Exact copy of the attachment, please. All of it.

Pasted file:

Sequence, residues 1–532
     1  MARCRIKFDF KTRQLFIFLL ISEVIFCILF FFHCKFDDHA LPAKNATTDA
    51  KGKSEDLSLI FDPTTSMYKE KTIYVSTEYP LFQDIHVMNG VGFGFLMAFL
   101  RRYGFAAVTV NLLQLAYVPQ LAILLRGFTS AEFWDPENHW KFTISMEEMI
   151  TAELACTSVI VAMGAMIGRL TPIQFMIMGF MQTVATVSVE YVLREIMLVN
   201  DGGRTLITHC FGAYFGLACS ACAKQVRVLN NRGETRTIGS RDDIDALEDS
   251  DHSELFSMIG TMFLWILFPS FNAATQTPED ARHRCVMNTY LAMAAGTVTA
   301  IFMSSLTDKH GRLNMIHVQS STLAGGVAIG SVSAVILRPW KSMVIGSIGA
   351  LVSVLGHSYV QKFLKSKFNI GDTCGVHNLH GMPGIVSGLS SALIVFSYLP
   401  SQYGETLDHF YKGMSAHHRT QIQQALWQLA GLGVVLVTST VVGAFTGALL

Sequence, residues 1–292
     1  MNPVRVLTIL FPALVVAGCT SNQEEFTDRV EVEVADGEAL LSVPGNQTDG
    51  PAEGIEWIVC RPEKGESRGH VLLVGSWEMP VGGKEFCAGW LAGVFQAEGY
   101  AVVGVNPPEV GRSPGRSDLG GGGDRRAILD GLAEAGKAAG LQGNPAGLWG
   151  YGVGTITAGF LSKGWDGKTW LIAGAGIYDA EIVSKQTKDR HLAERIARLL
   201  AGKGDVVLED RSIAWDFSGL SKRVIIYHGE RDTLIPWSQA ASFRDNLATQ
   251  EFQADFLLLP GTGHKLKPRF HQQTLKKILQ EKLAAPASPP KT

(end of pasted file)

Sequence, residues 1–532
     1  MARCRIKFDF KTRQLFIFLL ISEVIFCILF FFHCKFDDHA LPAKNATTDA
    51  KGKSEDLSLI FDPTTSMYKE KTIYVSTEYP LFQDIHVMNG VGFGFLMAFL
   101  RRYGFAAVTV NLLQLAYVPQ LAILLRGFTS AEFWDPENHW KFTISMEEMI
   151  TAELACTSVI VAMGAMIGRL TPIQFMIMGF MQTVATVSVE YVLREIMLVN
   201  DGGRTLITHC FGAYFGLACS ACAKQVRVLN NRGETRTIGS RDDIDALEDS
   251  DHSELFSMIG TMFLWILFPS FNAATQTPED ARHRCVMNTY LAMAAGTVTA
   301  IFMSSLTDKH GRLNMIHVQS STLAGGVAIG SVSAVILRPW KSMVIGSIGA
   351  LVSVLGHSYV QKFLKSKFNI GDTCGVHNLH GMPGIVSGLS SALIVFSYLP
   401  SQYGETLDHF YKGMSAHHRT QIQQALWQLA GLGVVLVTST VVGAFTGALL

Sequence, residues 1–292
     1  MNPVRVLTIL FPALVVAGCT SNQEEFTDRV EVEVADGEAL LSVPGNQTDG
    51  PAEGIEWIVC RPEKGESRGH VLLVGSWEMP VGGKEFCAGW LAGVFQAEGY
   101  AVVGVNPPEV GRSPGRSDLG GGGDRRAILD GLAEAGKAAG LQGNPAGLWG
   151  YGVGTITAGF LSKGWDGKTW LIAGAGIYDA EIVSKQTKDR HLAERIARLL
   201  AGKGDVVLED RSIAWDFSGL SKRVIIYHGE RDTLIPWSQA ASFRDNLATQ
   251  EFQADFLLLP GTGHKLKPRF HQQTLKKILQ EKLAAPASPP KT